Nation wide survey on the use of photodynamic therapy among Australian dermatologists

Photodynamic therapy (PDT) is a non-surgical treatment option for actinic keratoses (AK) and some superficial non-melanoma skin cancers. A Survey Monkey questionnaire assessed the experience and utilization of PDT amongst Australasian Dermatologists.
Of the 408 surveyed, 76 (18.6%) provided valid responses. The majority of respondents (76%) utilized PDT in their practice whilst 7% referred patients for PDT. The number of patients treated by each dermatologist varied from 1 to 350 per year, with an average of 62.
Only 63% of those performing PDT had undergone PDT training. Approximately 25% indicated their PDT practice would be greater if they had received formal training.
Approximately 50% incorporated both methyl aminolaevulinic acid (m-ALA) and 5-ALA in their practice with 41% using only m-ALA and 7% only 5-ALA. Aktilight LED red light source was frequently used (87%) followed by daylight (48%) and IPL (14%). The commonest indication was large field AK (54%) followed by superficial BCC (23%). The commonest site for PDT was the H zone of the face. 91% respondents prepared lesions with curettage prior to PDT.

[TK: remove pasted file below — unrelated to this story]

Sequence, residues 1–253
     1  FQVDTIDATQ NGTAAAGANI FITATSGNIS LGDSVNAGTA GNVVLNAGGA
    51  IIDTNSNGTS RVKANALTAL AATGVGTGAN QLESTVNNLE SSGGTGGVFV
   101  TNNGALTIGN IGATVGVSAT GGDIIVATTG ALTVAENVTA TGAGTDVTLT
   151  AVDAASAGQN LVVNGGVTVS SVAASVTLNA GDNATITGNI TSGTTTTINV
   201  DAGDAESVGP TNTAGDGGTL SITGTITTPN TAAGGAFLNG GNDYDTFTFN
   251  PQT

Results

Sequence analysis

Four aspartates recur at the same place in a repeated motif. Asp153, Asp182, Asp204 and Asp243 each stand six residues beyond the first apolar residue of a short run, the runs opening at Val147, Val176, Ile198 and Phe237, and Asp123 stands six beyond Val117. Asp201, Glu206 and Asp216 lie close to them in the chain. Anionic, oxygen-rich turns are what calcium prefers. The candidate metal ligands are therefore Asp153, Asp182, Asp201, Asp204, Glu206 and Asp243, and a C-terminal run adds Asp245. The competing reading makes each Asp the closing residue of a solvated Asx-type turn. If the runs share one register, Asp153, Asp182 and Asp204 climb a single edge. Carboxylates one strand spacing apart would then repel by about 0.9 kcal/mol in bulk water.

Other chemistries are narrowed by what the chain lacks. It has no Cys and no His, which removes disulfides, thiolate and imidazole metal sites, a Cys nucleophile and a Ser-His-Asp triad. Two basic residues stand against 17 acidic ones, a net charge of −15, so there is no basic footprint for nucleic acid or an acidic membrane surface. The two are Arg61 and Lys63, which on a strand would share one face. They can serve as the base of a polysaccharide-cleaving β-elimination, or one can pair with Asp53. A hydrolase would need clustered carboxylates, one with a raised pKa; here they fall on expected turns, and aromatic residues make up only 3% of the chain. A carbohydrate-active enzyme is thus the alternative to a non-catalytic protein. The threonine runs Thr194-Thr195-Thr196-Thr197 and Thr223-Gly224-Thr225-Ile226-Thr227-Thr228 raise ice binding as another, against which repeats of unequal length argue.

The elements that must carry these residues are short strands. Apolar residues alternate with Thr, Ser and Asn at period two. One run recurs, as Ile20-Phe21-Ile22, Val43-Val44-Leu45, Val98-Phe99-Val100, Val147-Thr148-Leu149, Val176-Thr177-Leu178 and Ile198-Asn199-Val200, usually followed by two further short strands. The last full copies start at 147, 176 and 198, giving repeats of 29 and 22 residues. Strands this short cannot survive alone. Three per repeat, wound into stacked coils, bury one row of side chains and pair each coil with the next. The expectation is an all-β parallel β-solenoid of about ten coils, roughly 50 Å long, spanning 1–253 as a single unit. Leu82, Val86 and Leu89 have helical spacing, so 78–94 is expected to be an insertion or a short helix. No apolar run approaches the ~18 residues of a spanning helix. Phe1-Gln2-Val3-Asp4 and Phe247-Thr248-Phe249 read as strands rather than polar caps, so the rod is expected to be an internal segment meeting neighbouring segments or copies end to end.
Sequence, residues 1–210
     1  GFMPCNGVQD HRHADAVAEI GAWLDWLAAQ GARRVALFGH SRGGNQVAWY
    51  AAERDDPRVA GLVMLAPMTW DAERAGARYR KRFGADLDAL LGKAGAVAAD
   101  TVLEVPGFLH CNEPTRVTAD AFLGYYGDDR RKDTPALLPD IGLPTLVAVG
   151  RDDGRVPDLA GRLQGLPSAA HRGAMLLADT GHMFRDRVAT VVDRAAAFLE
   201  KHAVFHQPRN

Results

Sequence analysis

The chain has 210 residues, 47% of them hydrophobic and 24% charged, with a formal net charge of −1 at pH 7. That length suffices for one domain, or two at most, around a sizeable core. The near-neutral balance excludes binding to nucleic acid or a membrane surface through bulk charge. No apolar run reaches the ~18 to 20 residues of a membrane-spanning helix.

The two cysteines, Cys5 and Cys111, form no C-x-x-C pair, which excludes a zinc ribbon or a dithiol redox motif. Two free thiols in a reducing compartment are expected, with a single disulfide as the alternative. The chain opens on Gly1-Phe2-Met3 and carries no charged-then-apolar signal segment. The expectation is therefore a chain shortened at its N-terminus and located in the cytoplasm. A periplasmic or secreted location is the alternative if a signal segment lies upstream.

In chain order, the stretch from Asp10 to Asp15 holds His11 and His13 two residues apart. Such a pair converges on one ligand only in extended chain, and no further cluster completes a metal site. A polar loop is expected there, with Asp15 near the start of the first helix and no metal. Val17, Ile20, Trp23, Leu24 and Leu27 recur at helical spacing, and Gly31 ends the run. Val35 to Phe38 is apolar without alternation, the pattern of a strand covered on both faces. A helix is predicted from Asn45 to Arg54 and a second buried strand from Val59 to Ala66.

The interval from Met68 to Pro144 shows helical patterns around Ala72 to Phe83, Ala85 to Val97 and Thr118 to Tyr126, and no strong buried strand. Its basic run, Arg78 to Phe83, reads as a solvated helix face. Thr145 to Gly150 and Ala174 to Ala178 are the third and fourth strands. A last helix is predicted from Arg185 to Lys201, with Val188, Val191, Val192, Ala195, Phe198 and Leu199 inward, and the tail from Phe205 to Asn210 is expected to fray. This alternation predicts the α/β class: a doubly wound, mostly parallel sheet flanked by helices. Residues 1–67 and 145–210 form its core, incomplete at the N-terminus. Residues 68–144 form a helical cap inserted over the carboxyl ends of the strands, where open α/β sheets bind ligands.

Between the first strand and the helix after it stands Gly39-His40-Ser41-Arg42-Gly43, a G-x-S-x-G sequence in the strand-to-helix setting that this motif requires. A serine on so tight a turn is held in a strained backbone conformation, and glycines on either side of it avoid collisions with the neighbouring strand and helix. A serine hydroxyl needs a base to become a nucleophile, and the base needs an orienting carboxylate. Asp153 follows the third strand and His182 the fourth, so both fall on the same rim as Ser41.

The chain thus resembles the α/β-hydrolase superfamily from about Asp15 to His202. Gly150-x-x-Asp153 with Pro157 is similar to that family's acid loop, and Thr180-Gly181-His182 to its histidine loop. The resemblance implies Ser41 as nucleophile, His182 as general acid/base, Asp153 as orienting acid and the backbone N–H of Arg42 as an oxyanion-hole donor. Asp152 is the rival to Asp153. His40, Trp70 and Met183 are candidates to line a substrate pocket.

Approximately 93% used analgesia during PDT, commonest being local anesthetic injection, followed by fan, cold air blower and ice packs.
Choosing PDT over other non-surgical or surgical modalities was mainly driven by patient preference. Almost half stated PDT was simpler than alternatives and provided better cosmetic outcomes.
PDT appears to be a commonly used treatment modality by Australian dermatologists, however the study is limited by the relatively low overall response rate.

Dr. Nisansala Nagodavithana